October may not be the cruelest month for investors -- based on the averages, that's September. But when Wall Street stumbles at this point of the year, it stumbles extra hard. And that's why Alison Southwick and Robert Brokamp picked October for a four-part series on the history of market crashes in the United States.
In this podcast, guest and Former Fool Morgan Housel leads the discussion as they reflect on two major economic tumbles: the long downturn of the 1970s and 1987's Black Monday. The 1970s in particular became a steaming pile of financial awful as the country was hit by a confluence of troubles. But the standout economic issue was double-digit inflation. To break the cycle, Fed Chairman Paul Volcker (who much later would have a "rule" named after him) took actions that at the time that might have seemed as painful as the conditions they were intended to solve.
A full transcript follows the video.
This video was recorded on Oct. 10, 2017.
Alison Southwick: So it was kind of a slow-burning economic mess. How did we come out of it?
Morgan Housel: I think there are a few times when talking about these events where you can point to one person and say that person pulled it out -- I think in this event you can point to Paul Volcker, who was the Fed chairman in the early 1980s.
Southwick: A maker of rules.
Southwick: I've heard of his rules.
Housel: That's right. He kind of came back in the last couple of years with the Volcker Rule. But he did something in the early '80s that I think very few people in the history of the Fed would do, which, he was fearless about jacking up interest rates as high as they needed to go and brought interest rates up to close to 20%, which made this economic recession and pain that much worse. A lot of businesses went out of business that had to refinance their debt, but now interest rates were 20%, so there was no way you could refinance it. Really caused a lot of pain in the economy, but it broke the back of inflation, which is what needed to happen.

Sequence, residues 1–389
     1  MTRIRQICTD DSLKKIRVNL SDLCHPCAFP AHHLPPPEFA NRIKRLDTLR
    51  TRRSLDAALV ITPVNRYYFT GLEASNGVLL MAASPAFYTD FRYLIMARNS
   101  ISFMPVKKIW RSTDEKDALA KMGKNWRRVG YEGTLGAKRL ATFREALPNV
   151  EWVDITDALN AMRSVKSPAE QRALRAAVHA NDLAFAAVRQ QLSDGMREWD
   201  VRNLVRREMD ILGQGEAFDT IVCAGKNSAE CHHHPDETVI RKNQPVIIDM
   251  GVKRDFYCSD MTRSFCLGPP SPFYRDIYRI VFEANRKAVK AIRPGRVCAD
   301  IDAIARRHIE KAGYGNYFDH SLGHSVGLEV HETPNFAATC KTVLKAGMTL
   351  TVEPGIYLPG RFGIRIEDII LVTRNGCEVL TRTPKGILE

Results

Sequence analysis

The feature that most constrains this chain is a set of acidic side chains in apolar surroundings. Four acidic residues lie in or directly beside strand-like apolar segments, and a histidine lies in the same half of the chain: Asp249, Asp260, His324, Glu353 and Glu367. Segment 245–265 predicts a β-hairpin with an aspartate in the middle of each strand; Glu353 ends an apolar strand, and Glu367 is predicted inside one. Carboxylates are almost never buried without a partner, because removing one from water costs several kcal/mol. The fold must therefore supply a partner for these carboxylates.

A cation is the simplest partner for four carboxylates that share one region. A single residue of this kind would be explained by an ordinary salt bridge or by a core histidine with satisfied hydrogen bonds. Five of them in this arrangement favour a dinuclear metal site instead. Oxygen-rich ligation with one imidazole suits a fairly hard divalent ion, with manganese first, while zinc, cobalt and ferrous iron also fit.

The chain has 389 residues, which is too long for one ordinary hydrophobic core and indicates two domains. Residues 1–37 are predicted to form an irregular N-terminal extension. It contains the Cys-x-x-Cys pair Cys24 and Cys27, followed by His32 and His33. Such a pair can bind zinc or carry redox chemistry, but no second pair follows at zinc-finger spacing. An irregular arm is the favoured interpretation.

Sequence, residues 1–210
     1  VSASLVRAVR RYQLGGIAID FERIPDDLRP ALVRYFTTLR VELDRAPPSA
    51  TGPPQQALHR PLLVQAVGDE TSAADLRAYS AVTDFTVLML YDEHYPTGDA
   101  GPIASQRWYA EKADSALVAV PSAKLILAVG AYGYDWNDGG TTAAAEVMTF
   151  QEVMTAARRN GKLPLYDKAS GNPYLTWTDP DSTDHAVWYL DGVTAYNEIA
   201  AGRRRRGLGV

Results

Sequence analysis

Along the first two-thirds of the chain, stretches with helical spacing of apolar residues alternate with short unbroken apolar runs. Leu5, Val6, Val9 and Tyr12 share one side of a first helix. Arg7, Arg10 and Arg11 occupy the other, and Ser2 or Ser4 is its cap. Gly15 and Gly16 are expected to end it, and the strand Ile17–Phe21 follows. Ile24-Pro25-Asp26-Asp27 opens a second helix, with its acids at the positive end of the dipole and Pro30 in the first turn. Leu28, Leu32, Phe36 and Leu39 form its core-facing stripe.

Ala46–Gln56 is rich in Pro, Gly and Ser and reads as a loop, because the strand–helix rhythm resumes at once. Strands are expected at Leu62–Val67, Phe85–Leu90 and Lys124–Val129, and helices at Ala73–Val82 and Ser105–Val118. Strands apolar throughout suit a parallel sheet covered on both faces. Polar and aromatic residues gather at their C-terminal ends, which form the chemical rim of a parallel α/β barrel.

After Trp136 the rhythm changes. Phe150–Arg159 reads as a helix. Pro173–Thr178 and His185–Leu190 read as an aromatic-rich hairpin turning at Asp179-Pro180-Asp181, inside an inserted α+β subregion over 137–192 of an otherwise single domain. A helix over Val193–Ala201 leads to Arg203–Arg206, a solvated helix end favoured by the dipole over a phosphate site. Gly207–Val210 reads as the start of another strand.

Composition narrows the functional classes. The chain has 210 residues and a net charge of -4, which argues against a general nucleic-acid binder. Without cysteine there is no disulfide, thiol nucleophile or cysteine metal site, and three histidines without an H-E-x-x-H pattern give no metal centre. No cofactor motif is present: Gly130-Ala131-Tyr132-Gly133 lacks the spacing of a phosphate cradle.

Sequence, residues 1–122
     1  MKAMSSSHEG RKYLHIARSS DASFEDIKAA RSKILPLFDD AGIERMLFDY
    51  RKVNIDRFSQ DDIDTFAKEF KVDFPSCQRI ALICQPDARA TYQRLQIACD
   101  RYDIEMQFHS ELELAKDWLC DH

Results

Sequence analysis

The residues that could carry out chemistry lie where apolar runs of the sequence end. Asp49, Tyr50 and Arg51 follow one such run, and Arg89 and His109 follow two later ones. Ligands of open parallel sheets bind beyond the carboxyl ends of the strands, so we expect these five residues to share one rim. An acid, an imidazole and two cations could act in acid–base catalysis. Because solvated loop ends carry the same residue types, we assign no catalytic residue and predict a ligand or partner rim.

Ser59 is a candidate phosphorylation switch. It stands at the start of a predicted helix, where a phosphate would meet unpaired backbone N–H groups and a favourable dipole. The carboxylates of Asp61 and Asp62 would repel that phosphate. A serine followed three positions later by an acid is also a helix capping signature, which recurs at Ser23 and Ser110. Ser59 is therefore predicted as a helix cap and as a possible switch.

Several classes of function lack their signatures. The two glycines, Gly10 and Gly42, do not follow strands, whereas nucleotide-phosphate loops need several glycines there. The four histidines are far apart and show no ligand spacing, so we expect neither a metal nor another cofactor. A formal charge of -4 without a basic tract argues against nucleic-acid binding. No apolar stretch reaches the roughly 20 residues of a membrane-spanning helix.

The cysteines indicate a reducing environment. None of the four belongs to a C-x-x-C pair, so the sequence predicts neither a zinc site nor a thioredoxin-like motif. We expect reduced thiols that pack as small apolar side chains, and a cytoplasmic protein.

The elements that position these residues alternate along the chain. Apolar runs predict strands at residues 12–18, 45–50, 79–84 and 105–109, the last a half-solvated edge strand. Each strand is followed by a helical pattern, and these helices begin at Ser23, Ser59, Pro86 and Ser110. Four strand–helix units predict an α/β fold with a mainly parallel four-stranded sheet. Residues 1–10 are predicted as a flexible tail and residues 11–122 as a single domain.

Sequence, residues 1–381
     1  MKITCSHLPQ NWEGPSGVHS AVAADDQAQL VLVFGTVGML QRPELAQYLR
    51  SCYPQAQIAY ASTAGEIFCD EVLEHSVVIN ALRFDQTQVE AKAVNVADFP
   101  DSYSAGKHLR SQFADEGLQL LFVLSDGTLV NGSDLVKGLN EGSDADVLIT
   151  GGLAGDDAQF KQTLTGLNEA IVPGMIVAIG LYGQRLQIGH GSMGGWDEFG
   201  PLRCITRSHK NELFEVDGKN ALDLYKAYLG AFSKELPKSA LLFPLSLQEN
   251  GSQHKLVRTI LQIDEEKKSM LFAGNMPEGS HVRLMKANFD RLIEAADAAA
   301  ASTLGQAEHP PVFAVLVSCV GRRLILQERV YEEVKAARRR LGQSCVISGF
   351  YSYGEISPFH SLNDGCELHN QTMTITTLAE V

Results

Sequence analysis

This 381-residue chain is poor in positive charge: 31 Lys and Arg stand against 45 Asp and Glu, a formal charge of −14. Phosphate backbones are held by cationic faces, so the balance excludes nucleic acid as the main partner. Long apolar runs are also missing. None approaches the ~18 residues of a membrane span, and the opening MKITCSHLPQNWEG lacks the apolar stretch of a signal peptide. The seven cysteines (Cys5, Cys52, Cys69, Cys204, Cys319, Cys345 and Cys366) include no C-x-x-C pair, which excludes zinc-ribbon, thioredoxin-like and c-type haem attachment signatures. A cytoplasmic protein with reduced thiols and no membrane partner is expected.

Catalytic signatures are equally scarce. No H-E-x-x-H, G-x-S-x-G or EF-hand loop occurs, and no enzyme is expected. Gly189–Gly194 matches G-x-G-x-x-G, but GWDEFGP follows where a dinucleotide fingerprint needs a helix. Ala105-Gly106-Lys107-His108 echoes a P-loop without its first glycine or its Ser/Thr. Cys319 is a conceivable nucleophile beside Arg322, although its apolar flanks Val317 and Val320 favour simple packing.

And Paul Volcker, during the time -- it's funny, in hindsight, I think a lot of people think Volcker is a hero. I think he's almost universally seen as a hero today. In the '80s he was probably the least popular person in America, so much so that I think he was the first Fed chairman that had Secret Service detail because people at the Fed built an effigy of him and burned it on the steps of the Fed.
Southwick: His own employees did that?
Housel: Not his own employees, but somebody. But he was truly one of the least popular people in America at the time, because it was viewed -- and I think rightly viewed -- that his actions were driving the economy into the ground. And it's true that they were, but they were also, at the same time, killing what needed to be killed. It's almost like with chemotherapy. It's going to destroy your body, and it's awful. And from the outside it's like, "God, chemotherapy is the worst thing ever." But at the same time, it's killing the worst disease. That was what Volcker was doing in the '80s.
So it took several years of doing it, but finally in the early '80s -- about '83 or '84 -- is when inflation and interest rates started falling again. And then you had the opposite effect of rising interest rates are bad for stocks. And then, all of a sudden, '83-'84, interest rates were plunging, which was great for stocks.
Robert Brokamp: And bonds.
Housel: And then it's Reagan, "Morning in America," and bonds, too. Inflation's falling. You get a new president who has a lot of optimism. Then you start, in the 1980s, a booming rally.
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